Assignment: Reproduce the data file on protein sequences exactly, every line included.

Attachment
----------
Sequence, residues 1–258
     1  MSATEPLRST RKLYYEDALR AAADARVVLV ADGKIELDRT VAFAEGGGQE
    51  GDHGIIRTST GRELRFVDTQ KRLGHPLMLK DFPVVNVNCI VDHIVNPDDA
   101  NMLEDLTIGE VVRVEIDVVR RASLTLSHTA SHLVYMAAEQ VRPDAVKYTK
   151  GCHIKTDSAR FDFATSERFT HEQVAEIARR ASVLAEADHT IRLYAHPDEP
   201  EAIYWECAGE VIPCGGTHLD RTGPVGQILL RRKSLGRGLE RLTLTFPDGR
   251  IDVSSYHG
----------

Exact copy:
Sequence, residues 1–258
     1  MSATEPLRST RKLYYEDALR AAADARVVLV ADGKIELDRT VAFAEGGGQE
    51  GDHGIIRTST GRELRFVDTQ KRLGHPLMLK DFPVVNVNCI VDHIVNPDDA
   101  NMLEDLTIGE VVRVEIDVVR RASLTLSHTA SHLVYMAAEQ VRPDAVKYTK
   151  GCHIKTDSAR FDFATSERFT HEQVAEIARR ASVLAEADHT IRLYAHPDEP
   201  EAIYWECAGE VIPCGGTHLD RTGPVGQILL RRKSLGRGLE RLTLTFPDGR
   251  IDVSSYHG